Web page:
Sunday of the Blindman (2015)

The Paschal season in the Orthodox Church offers us several weeks to sing and absorb the message: Christ is risen form the dead, trampling down death by death.  And every year we read the Gospel of the man born blind in the context of our celebrating the resurrection of Christ:

As he passed by, he saw a man blind from his birth. And his disciples asked him, “Rabbi, who sinned, this man or his parents, that he was born blind?” Jesus answered, “It was not that this man sinned, or his parents, but that the works of God might be made manifest in him. We must work the works of him who sent me, while it is day; night comes, when no one can work. As long as I am in the world, I am the light of the world.”(John 9:1-5)

The Gospel begins with the disciples attempting to impose a moral order on the world they live in.  A man born blind – even before he had a chance to sin, he is already afflicted with disease.  Is the universe really so unfair, unreasonable and random that someone can be afflicted without having done anything wrong?  Doesn’t that very idea cast doubt upon not only the goodness of God, but God’s very existence?

The disciples endeavor to place a moral order on what they see – there must be a reason for the man’s blindness!  Perhaps forgetting that the story of Job is part of their scriptures.  The innocent are at times victimized by irrational forces in the universe.

The disciples expecting order in God’s universe, want to make sense of a baby being born blind – surely there must be a just reason which caused and thus explains such a tragedy.  God would not be so unjust as to inflict blindness of an innocent baby!  If a tragedy like blindness occurs it must be part of the moral universe: retribution for sin.   The book of Job, however, shows even a righteous man – not just an innocent man – can suffer, however unfair and unjust that is.   Suffering is not always related to retribution, but is always related to the distorted world of the Fall in which powers, some alien or hostile to God, do operate.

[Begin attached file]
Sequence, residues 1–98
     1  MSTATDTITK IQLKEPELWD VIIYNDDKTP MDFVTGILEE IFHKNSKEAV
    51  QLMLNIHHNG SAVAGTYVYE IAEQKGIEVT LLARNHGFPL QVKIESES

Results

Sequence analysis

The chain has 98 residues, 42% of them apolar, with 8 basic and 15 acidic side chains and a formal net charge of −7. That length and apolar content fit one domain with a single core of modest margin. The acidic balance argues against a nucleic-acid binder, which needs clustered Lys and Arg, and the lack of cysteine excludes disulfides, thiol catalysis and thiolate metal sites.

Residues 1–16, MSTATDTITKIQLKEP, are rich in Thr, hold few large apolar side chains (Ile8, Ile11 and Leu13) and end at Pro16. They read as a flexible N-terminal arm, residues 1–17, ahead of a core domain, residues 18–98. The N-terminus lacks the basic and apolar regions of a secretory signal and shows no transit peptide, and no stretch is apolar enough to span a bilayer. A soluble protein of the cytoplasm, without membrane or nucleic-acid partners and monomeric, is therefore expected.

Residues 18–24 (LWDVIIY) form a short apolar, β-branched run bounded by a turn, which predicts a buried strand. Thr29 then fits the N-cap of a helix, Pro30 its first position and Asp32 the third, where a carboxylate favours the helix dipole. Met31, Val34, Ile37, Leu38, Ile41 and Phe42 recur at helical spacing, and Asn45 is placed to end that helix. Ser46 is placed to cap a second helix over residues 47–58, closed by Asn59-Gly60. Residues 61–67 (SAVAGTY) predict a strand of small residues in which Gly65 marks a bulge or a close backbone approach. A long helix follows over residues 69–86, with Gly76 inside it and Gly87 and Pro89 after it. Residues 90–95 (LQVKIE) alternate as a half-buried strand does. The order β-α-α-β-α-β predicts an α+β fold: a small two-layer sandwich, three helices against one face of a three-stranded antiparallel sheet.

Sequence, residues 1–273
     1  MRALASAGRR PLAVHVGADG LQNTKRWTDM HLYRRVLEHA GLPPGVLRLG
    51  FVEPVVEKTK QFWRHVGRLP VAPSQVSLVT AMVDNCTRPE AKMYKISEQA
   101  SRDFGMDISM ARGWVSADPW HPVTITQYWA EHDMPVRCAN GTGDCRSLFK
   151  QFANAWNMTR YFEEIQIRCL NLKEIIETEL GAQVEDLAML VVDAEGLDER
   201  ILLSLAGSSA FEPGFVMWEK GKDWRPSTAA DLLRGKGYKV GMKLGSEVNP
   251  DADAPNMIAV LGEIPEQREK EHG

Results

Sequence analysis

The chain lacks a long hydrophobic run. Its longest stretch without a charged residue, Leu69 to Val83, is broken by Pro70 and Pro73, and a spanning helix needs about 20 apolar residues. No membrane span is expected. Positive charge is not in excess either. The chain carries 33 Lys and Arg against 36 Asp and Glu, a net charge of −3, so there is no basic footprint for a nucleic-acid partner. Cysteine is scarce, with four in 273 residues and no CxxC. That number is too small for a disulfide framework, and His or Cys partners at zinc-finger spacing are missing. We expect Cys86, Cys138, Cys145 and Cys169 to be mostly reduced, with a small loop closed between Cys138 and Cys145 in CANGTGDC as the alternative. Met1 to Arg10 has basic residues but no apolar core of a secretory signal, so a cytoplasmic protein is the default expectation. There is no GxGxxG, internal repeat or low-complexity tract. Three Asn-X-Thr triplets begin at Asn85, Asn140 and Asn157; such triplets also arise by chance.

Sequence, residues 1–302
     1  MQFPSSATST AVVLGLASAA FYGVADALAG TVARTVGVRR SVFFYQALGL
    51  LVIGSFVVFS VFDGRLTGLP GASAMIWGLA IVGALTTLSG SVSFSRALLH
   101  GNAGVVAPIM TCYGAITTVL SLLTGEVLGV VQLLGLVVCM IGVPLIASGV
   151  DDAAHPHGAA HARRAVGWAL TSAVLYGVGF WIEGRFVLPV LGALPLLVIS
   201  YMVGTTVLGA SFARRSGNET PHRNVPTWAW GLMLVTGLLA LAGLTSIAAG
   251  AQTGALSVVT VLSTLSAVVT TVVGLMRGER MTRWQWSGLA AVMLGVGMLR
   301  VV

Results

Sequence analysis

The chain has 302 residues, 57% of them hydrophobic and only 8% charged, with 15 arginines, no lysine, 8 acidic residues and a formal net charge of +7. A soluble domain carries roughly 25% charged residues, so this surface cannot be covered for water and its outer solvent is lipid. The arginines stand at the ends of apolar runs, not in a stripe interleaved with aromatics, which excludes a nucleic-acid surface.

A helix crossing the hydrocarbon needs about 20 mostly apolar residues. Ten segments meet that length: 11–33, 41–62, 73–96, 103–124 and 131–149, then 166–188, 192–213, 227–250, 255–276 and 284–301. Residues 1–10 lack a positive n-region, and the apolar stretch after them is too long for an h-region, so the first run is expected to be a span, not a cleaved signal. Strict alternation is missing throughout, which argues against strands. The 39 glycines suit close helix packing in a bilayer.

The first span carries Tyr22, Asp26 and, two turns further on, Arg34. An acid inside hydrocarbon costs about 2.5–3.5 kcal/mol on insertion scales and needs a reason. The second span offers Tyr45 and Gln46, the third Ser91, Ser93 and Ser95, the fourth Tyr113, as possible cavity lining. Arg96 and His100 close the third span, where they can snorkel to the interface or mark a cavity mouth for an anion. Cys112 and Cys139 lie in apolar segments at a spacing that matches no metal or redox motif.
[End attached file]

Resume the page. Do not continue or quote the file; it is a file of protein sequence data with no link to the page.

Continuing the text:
We cannot always know the reason for suffering.  Job never learns the truth about his suffering.  His faithfulness to God remains even without that knowledge.  Knowing God is enough for him.   He believes in God and that is Job’s righteousness

The book of Job is good Lenten reading.  It prepares us for understanding how it might be possible that Jesus is Lord and Christ, and yet God, His Father, allows Him to suffer.  There is no retribution there, no loss of love.   They mystery of incarnate love, revealed in Jesus Christ, gives hope and meaning to Job and to all who suffer.  Suffering does not mean or imply that one is forsaken by God.  That is a lesson of Job and Jesus and the man born blind from birth.

Christ is the light of the world, even for those physically blind.  Christ is the light of the world, even when we can’t quite see Him.  Christ is the light of the world even for those spiritually lost, or who are walking, whether fearfully or hopelessly, in darkness.

It does happen that our need for a moral order in the universe and for complete justice cause us to impose a meaning on events and an understanding of the universe that are not theologically correct.  It remains a fact that some things in the universe are beyond our comprehension.  Our effort to impose a moral order on events in fact take us further away from understanding God or the universe.   We who are so impatient, have to wait on the Lord.  Thankfully, God is not limited by or to our sense of justice, purpose and meaning.

Do not think that every affliction befalls people on account of sin, because there are some who are pleasing to God who are still tempted. It is written that the impious and lawless will be persecuted [Ps 36.28 (LXX)]; it says as well that “all who want to live a godly life in Christ will be persecuted [2 Tim 3.12].”   (St. Mark the Monk, Counsels on the Spiritual Life, Kindle 2137-2139)